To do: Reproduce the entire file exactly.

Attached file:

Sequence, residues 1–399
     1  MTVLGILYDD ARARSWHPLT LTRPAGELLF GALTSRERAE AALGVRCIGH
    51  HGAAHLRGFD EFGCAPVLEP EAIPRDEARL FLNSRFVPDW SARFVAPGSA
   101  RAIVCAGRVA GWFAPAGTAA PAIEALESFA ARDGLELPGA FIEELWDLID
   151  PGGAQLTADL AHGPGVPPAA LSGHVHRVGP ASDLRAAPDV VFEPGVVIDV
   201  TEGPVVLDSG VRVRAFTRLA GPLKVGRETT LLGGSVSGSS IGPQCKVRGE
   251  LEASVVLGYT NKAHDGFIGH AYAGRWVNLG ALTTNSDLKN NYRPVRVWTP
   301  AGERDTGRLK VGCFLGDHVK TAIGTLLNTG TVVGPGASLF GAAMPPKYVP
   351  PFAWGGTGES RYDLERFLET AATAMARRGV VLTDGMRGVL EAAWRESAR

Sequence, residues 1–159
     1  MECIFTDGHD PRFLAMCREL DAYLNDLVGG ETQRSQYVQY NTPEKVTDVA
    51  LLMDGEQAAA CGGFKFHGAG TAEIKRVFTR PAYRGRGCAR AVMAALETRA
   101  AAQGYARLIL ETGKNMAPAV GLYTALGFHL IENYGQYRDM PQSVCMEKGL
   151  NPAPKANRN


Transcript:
Sequence, residues 1–399
     1  MTVLGILYDD ARARSWHPLT LTRPAGELLF GALTSRERAE AALGVRCIGH
    51  HGAAHLRGFD EFGCAPVLEP EAIPRDEARL FLNSRFVPDW SARFVAPGSA
   101  RAIVCAGRVA GWFAPAGTAA PAIEALESFA ARDGLELPGA FIEELWDLID
   151  PGGAQLTADL AHGPGVPPAA LSGHVHRVGP ASDLRAAPDV VFEPGVVIDV
   201  TEGPVVLDSG VRVRAFTRLA GPLKVGRETT LLGGSVSGSS IGPQCKVRGE
   251  LEASVVLGYT NKAHDGFIGH AYAGRWVNLG ALTTNSDLKN NYRPVRVWTP
   301  AGERDTGRLK VGCFLGDHVK TAIGTLLNTG TVVGPGASLF GAAMPPKYVP
   351  PFAWGGTGES RYDLERFLET AATAMARRGV VLTDGMRGVL EAAWRESAR

Sequence, residues 1–159
     1  MECIFTDGHD PRFLAMCREL DAYLNDLVGG ETQRSQYVQY NTPEKVTDVA
    51  LLMDGEQAAA CGGFKFHGAG TAEIKRVFTR PAYRGRGCAR AVMAALETRA
   101  AAQGYARLIL ETGKNMAPAV GLYTALGFHL IENYGQYRDM PQSVCMEKGL
   151  NPAPKANRN